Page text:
have no desire to know of morbid tissues,
of cells that begin prodigiously to flower.

There is an hour in which disease will be known
as more than occasion for some dim relative's sorrow.
But still the watcher within my soundless country
assures the pendulum duties of the heart
and asks no reason but keeps a faithful watch

as I keep mine from the height of the belvedere!
And though no eyrie is sacred to wind entirely,

a wall of twigs can build a kind of summer.

I asked my kindest friend to guard my sleep.

I said to him, Give me the motionless thicket of summer,
the velvety cul-de-sac, and quiet the drummer.

I said to him, Brush my forehead with a feather,
not with an eagle's feather, nor with a sparrow's,
but with the shadowy feather of an owl.

I said to him, Come to me dressed in a cloak and a cowl,
and bearing a candle whose flame is very still.

Our belvedere looks over a bramble hill.

I said to him, Give me the cool white kernel of summer,
the windless terminal of it, and calm the drummer!

I said to him, Tell the drummer
the rebels have crossed the river and no one is here
but John with the broken drumstick and half-wit Peg
who shot spitballs at the moon from the belvedere.

Tell the feverish drummer no man is here.
But what if he doesn't believe me?
Give him proof!
For there is no lie that contains no part of truth.

And then, with the sort of courage that comes with fever,
the body becoming sticks that blossom with flame,
the flame for a while obscuring what it consumes,
I twisted and craned to peer in the loftier room--

I saw the visitor there, and him I knew
as my waiting ghost.

The belvedere was blue.

I said to my kindest friend, The time has come
to hold what is agitated and make it still.

I said to him, Fold your hands upon the drum.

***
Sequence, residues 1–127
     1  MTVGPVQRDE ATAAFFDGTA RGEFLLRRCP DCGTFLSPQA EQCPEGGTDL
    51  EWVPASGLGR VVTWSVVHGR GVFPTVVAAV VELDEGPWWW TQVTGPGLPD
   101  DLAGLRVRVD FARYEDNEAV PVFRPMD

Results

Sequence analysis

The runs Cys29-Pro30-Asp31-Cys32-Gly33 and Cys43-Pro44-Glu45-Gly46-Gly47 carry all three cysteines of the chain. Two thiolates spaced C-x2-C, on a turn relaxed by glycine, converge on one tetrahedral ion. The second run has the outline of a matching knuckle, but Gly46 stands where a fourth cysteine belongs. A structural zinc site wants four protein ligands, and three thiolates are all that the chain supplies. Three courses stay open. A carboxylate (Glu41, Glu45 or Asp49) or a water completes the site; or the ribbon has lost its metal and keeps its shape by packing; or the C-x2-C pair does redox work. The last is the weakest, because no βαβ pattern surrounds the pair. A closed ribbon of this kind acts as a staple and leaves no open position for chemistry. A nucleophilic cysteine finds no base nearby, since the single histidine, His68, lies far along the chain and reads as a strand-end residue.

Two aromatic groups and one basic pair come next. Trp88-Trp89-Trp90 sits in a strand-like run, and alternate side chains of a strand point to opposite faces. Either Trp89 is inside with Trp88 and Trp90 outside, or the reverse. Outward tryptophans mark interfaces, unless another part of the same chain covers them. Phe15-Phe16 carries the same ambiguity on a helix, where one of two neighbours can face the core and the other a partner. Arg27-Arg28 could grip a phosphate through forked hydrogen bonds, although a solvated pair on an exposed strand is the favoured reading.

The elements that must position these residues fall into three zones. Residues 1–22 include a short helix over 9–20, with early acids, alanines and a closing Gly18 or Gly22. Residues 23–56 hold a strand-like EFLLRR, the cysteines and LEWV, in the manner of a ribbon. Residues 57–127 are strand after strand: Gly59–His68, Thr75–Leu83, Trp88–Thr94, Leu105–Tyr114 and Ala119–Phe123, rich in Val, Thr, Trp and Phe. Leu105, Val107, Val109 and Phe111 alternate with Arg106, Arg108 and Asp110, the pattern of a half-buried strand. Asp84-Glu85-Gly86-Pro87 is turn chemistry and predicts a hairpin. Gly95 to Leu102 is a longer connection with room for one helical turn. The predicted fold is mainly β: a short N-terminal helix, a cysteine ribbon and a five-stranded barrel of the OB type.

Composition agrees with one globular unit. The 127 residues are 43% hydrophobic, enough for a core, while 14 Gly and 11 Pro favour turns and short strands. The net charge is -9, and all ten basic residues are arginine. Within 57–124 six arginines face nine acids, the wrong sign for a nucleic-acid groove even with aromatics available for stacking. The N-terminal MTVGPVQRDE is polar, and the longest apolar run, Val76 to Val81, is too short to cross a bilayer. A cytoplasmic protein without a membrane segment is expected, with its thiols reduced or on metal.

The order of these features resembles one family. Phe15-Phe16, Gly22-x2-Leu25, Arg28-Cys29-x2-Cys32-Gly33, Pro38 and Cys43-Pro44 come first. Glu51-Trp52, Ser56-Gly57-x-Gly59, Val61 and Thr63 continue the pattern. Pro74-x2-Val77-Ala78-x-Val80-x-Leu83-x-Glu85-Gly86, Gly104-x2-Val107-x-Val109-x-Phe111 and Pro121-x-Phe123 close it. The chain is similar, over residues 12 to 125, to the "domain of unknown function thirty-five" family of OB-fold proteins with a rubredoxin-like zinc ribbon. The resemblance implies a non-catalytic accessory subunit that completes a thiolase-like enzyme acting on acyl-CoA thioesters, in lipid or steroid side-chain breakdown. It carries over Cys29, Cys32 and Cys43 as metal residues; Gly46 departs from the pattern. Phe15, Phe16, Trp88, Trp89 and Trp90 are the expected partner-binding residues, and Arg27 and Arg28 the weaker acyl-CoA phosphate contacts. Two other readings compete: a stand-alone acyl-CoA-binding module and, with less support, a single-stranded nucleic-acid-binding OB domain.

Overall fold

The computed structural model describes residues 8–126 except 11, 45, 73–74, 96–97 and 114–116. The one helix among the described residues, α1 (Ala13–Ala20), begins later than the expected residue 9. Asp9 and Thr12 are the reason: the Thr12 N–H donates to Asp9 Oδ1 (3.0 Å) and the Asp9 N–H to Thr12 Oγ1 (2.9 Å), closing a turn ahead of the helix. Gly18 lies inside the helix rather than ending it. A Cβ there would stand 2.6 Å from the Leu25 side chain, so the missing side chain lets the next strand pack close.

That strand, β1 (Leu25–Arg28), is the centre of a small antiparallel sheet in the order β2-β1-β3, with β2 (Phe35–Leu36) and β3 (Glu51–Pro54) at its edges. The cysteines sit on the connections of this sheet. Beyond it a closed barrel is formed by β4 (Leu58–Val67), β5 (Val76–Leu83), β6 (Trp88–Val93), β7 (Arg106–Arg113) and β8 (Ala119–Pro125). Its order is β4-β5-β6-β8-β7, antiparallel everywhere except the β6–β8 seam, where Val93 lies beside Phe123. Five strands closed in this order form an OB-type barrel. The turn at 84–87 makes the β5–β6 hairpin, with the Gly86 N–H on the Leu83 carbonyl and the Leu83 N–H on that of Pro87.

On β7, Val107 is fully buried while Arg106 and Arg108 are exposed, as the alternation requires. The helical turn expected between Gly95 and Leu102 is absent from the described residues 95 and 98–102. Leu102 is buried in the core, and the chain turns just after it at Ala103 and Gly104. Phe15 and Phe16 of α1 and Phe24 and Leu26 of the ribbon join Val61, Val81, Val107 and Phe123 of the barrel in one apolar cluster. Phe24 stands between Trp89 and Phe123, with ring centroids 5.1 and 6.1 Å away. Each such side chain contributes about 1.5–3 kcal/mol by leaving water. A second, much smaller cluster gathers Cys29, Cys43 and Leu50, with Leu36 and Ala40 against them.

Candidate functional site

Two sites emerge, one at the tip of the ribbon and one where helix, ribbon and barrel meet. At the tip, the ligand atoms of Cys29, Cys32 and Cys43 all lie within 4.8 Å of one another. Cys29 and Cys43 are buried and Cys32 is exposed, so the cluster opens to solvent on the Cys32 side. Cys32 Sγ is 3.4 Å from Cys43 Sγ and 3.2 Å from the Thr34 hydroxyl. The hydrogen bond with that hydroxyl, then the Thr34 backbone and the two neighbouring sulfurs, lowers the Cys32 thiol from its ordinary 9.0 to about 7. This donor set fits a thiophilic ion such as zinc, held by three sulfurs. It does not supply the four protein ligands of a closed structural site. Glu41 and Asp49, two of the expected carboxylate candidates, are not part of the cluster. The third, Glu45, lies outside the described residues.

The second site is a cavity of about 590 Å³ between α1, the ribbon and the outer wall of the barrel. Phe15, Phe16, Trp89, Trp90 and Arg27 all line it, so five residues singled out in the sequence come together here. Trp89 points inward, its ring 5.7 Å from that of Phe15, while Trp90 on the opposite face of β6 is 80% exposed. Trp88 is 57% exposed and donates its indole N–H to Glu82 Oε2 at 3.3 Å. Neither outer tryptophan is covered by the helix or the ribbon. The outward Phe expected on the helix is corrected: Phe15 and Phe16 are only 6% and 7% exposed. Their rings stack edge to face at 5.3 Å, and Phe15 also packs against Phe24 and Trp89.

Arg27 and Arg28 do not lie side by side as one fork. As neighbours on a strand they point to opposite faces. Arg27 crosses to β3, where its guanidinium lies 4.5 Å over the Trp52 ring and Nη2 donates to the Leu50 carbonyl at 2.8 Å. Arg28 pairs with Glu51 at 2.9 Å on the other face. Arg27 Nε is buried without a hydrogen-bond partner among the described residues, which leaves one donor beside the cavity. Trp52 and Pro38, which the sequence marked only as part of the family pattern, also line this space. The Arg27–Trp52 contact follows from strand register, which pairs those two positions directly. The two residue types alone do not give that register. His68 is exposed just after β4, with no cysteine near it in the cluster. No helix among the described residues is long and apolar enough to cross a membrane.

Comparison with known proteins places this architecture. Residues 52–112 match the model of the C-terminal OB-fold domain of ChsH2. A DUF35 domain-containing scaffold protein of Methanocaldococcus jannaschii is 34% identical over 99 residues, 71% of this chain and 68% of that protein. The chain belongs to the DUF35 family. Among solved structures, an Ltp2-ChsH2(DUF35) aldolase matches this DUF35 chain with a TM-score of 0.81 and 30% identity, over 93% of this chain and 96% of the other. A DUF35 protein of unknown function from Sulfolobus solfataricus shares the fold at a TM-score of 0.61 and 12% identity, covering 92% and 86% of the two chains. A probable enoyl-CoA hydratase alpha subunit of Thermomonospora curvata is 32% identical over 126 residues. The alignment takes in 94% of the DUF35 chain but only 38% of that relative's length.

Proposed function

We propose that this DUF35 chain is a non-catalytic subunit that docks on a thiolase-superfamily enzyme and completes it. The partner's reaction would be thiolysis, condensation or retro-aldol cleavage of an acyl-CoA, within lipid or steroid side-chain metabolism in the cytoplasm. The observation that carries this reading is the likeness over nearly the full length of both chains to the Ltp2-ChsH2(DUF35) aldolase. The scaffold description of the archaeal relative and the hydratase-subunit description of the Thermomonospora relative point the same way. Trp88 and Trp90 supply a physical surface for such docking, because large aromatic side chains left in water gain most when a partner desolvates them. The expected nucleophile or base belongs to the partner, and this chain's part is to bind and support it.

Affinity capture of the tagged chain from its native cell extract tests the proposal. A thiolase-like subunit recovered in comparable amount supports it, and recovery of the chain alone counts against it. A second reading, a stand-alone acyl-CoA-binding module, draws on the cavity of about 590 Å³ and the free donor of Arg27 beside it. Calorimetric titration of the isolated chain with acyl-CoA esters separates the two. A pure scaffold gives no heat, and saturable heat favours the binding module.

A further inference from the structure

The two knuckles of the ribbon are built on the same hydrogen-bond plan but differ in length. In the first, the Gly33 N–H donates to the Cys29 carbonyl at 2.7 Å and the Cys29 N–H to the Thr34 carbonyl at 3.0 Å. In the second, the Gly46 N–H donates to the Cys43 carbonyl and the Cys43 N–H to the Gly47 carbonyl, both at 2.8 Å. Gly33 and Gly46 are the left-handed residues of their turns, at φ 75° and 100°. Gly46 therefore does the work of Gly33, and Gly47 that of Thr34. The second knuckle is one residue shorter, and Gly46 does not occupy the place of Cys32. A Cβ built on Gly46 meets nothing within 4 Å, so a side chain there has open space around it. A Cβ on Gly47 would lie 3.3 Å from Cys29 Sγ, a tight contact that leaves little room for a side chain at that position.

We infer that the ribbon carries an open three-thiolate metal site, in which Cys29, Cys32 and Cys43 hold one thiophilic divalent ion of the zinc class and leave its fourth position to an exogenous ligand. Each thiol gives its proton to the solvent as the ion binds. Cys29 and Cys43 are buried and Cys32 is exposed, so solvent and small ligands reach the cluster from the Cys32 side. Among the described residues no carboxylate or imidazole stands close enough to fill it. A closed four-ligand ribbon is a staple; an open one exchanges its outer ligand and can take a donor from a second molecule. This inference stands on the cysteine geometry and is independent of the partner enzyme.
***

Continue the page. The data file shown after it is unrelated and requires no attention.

Permit no kind of sudden or sharp disturbance
but move about you constantly, keeping the guard
with fingers whose touch is narcotic, brushing the walls
to quiet the shuddering in them,
drawing your sleeves across the hostile mirrors
and cupping your palms to breathe upon the glass.

After a while anxiety will pass.

The time has come, I said, for purification.

Rub out the lewd inscriptions on the walls,
remove the prisoners' names and maledictions,
for lack of faith has left impurities here,

and whisper faith to the summer belvedere.

Draw back the kites of hysteria from the sky,
those struggling fish draw back from their breathless pool,
and whisper assurances cool
to the watchful corners, and whisper sleep and sleep
along the treads of the stairs, and up the stairwell,

clear to the belvedere, yes, clear up there, where giggling John
stood up in his onionskin of adolescence
to shoot spitballs at the moon from the captain's walk.

And then, at the last, he said, What shall I do?
The sweetest of treasons, I told him. Lean toward my listening ear
and whisper the long word to me,
the longest of all words to me,
the word that divides the sky from the belvedere.

[emphasis added above]

by Tennessee Williams (1911 - 1983)
American Playwright
Twice awarded the Pulitzer Prize for Drama
Twice awarded the New York Drama Critics' Circle Award

Click to see more Charley Harper

Next Fortnightly Post
Sunday, November 28, 2010

Between now and then, read
my shorter, almost daily blog posts

Looking for a good book? Try
my running list of recent reading